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Bagging Grapes








In some localities bagging is considered an essential to profitable
grape-growing. The bags serve to protect the grapes against birds. In
some grape regions vineyards suffer more from the depredations of
robins and other birds than from all other troubles. Grapes bearing
small berries and having tender pulp and those which shell most
readily from the stem suffer most. Of standard sorts, Delaware is
probably more enticing to robins than any other variety. There is only
one way of preventing damage to grapes from birds and that is by
bagging the clusters.

Bagging is also an effective means of protecting the grape from
several fungi and insects. In home plantations or small commercial
vineyards, bagging the bunches often eliminates the necessity of
spraying for fungi and for most of the insects that trouble the grape.
Because of the warmth afforded by the bags, bagged grapes ripen a
little earlier and are of somewhat higher quality than those not
bagged. Grapes bagged are protected from early frost, thus prolonging
the season. Grapes that have been protected from the elements during
the summer are more attractive than those exposed to the weather,
since the fruits are free from weather marks and present a fresh,
bright appearance, which puts them in a grade above unbagged grapes.
Bagging often enables the grower to sell his crop as a fancy product.

Grapes are bagged as soon as the fruits are well set, the sooner the
better if protection against fungi is one of the purposes. Under no
circumstances, however, should the clusters be bagged while in
blossom. A patent bag made for the purpose may be purchased or,
serving equally well, the common one and one-half and two-pound manila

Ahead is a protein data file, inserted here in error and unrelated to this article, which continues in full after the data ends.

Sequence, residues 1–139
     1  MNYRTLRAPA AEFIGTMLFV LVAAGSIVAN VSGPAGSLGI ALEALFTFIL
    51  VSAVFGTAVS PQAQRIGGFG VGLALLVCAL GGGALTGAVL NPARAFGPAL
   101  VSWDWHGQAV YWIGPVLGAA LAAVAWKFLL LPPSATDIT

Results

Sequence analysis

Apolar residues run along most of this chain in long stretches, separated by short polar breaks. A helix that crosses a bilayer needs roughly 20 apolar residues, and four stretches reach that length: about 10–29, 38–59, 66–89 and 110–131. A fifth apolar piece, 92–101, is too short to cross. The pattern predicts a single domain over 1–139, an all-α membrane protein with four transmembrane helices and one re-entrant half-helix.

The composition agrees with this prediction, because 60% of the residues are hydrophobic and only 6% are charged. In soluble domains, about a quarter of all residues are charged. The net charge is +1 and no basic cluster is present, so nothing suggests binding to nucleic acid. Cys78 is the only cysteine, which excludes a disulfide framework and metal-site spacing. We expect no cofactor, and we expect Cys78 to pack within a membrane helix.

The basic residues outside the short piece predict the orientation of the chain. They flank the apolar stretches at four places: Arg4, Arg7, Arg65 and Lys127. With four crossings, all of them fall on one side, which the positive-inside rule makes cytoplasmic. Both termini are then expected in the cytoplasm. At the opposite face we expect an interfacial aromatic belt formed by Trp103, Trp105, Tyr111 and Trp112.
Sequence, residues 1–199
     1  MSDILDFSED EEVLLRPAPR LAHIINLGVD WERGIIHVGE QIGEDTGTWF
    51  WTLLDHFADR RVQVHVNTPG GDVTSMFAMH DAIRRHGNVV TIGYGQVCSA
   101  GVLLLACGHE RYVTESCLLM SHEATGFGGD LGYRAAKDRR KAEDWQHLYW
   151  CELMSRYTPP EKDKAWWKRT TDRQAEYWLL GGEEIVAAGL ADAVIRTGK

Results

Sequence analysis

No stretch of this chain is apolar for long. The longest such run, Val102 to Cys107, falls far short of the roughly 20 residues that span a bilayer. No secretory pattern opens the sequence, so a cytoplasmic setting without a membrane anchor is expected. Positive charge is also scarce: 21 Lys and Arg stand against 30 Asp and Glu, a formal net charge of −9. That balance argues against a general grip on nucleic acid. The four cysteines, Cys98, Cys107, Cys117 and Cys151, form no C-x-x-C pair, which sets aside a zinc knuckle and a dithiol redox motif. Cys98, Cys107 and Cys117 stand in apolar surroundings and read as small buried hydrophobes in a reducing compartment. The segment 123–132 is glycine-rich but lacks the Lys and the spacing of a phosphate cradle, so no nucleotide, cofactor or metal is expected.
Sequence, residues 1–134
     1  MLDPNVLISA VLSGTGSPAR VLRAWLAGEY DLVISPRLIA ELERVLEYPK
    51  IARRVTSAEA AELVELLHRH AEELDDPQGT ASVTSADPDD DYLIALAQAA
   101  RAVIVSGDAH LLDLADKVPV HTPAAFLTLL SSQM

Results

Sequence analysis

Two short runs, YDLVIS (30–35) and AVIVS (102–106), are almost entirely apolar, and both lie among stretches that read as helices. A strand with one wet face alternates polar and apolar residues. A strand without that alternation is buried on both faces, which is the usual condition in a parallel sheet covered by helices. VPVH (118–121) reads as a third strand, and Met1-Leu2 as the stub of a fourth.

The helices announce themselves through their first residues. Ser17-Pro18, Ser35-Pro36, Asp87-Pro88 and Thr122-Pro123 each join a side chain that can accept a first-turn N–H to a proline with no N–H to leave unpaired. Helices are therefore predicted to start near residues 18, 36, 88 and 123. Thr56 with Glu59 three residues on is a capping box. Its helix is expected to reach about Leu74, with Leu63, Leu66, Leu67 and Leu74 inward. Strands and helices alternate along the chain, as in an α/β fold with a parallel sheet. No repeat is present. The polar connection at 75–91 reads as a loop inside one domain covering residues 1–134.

bags used by grocers prove satisfactory. One of the patent bags which
is known as the Ideal Clasp Bag has a metal clasp attached to the top
for securing the bag in place over the cluster. In using the grocer's
bag, before it is put in place the corners of both the top and bottom
are cut off by placing several bags on a firm level surface and using
a broad-shaped chisel. Cutting off the corners of the top enables the
operator to close the bag neatly over the cluster, while cutting off
the corners of the bottom furnishes a means of escape for any water
that gets in the bag. In putting the bag in place, the top is pinned
above the lateral from which the bunch hangs, and must not be fastened
about the small stem of the cluster, as the wind blowing the bag
almost invariably breaks the cluster from the vine. The largest pins
to be purchased in dry-goods stores are used in pinning the bags. The
bags remain until the grapes are picked. Wet weather does not injure
bags and seemingly they grow stronger with exposure to sun and wind.

The cost of the bags and the work of putting them on is no small item.
To secure the best results, the work must be done at the period
between the dropping of the blossoms and the formation of the seeds,
when the grapes are about the size of a small pea. This is a busy time
for the grape-grower, which adds to the cost. When the work is
conducted on a large scale, the cost is about two dollars a thousand
bags, this figure covering both the cost of bags and labor. Women do
the work more expeditiously than men and soon become very skillful in
putting on the bags. Despite the trouble and cost of bagging, growers
seeking to produce a fancy product find that the expenditure proves
profitable.





Next: Winter-protection Of Grapes

Previous: Ringing Grape Vines



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